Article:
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Contrasting EEOC rules dial up the complexity of wellness incentive regulations


Complying with often-conflicting laws that govern wellness programs can be a source of frustration for employers, benefits experts say.

Wellness programs are governed by the Health Information Portability and Accountability Act as amended by the Patient Protection and Affordable Care Act, the Americans with Disabilities Act and the Genetic Information Nondiscrimination Act.

Sometimes, the laws don't gel.

The U.S. Equal Employment Opportunity Commission last week released final rules under the ADA and GINA for voluntary workplace wellness programs.

Employers likely will find them “problematic,” said J.D. Piro, Norwalk, Connecticut-based senior vice president at Aon Hewitt and co-author of the U.S. Chamber of Commerce's “Winning with Wellness” April report that outlines effective workplace wellness strategies.

For one, “the incentive calculation is still different than the way it's calculated under HIPAA, so that's going to be an issue for employers,” Mr. Piro said.

HIPAA limits incentives to 30% of the total annual cost of the elected group health plan coverage, and 50% of coverage for tobacco-cessation programs.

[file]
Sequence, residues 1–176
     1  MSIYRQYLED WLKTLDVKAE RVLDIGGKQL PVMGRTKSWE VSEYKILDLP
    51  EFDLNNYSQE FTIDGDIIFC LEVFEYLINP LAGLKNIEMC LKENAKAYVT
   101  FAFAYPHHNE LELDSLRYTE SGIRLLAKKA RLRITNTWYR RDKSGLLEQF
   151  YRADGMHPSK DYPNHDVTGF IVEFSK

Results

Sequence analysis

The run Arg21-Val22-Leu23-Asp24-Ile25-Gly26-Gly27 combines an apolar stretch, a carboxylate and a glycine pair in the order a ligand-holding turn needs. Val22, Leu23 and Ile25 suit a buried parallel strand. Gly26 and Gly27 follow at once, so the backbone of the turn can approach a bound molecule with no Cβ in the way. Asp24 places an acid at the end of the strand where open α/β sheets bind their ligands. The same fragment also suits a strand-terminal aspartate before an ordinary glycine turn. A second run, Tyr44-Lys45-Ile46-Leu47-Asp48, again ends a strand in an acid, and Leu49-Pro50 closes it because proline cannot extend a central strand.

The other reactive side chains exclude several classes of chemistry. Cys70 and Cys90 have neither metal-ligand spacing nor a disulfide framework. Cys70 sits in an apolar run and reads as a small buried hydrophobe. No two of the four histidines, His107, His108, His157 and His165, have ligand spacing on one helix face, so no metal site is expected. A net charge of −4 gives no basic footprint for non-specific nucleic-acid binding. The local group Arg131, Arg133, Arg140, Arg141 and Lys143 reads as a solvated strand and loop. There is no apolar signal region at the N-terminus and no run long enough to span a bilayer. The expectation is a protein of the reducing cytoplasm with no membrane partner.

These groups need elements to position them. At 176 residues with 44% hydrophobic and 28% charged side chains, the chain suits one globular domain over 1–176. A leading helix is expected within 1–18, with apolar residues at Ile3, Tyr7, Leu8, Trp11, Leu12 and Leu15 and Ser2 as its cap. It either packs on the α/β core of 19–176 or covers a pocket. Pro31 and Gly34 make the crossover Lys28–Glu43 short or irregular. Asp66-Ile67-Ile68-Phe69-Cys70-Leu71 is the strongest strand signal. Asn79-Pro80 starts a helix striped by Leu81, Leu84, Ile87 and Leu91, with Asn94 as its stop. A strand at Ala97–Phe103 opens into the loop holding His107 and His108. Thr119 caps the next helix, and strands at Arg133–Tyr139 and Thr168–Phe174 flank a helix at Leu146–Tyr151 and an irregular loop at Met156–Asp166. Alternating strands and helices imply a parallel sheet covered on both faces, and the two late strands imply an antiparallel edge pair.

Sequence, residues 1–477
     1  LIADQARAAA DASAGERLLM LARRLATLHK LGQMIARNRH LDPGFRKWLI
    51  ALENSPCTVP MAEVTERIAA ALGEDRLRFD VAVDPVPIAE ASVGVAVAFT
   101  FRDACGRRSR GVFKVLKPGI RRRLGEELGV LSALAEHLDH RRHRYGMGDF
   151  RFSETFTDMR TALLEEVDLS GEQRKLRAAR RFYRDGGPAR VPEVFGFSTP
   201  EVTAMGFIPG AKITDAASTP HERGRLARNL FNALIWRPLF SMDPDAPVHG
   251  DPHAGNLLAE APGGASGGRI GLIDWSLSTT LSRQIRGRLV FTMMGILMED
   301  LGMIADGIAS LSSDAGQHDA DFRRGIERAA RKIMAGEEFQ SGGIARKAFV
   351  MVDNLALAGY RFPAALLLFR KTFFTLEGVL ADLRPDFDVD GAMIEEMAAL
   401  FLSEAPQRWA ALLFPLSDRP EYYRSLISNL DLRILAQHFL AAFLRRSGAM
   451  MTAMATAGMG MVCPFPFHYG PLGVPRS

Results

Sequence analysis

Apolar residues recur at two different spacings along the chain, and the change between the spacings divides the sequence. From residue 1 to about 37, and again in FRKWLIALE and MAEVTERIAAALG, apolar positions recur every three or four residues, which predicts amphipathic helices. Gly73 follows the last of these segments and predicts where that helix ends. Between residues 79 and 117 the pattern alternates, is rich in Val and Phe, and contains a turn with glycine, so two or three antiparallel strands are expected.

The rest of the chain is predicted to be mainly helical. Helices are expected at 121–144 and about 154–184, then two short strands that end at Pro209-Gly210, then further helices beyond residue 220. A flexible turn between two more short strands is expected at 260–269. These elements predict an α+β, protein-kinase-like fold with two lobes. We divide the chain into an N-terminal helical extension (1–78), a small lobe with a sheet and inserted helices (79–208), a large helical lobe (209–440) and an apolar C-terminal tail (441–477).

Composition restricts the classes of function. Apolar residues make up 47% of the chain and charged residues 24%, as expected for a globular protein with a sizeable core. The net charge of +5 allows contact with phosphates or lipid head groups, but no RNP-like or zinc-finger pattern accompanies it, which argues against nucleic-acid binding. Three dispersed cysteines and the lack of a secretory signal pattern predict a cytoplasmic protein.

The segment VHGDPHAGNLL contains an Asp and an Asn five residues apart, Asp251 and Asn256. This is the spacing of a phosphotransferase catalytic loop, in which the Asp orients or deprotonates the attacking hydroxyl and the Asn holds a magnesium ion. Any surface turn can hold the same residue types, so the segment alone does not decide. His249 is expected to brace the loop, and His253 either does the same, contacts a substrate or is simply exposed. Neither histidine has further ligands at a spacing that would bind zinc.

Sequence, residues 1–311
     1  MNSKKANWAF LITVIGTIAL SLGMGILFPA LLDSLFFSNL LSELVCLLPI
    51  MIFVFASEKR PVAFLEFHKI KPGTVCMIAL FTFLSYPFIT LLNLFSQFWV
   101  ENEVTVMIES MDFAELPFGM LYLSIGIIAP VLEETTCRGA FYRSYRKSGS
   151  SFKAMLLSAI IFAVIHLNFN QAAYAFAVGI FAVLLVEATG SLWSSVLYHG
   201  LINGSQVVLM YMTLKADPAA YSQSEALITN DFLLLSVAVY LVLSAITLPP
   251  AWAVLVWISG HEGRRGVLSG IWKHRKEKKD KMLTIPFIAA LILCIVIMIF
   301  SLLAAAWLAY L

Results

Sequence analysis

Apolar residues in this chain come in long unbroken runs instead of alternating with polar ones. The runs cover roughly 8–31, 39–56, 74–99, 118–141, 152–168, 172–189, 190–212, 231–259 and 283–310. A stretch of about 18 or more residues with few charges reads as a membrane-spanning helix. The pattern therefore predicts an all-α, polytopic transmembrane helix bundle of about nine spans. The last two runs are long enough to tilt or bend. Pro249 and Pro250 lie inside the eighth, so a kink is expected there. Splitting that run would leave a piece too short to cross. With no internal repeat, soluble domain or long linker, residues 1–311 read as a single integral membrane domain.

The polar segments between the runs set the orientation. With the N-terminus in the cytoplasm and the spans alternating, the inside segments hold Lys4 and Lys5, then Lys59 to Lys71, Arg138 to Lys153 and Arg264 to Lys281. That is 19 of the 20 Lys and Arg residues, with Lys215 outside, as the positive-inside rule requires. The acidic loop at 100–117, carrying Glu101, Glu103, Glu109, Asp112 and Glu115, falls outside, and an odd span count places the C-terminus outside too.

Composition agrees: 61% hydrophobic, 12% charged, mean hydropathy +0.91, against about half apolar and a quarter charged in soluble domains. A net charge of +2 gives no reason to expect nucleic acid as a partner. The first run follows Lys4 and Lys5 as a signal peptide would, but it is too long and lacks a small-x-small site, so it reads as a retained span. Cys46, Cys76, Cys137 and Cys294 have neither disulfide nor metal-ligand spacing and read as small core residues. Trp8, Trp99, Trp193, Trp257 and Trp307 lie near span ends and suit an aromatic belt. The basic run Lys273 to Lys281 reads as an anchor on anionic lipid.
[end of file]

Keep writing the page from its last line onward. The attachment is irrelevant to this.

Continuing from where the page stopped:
The EEOC wellness rules that take effect Jan. 1, 2017, allow incentives of up to 30% of the total cost of employee-only coverage, rather than elected coverage. For an employee's spouse, incentives also are limited to 30% of employee-only coverage.

That means employers may “have to scale back” their incentives, said Steve Wojcik, vice president of public policy with the National Business Group on Health in Washington.

HIPAA's incentive limits apply only to outcomes-based incentives, while the ADA expands that to participation-based wellness programs.

Additionally, the ADA prohibits an employer from denying access to a particular health plan because an employee does not participate in a wellness program, while HIPAA allows such practices as long as they are within the incentive limits.

Now that the rules are finalized, “it's going to be much more complicated for employers to structure a program that complies with all three sets of regulations, which aren't exactly the same,” Mr. Piro said.

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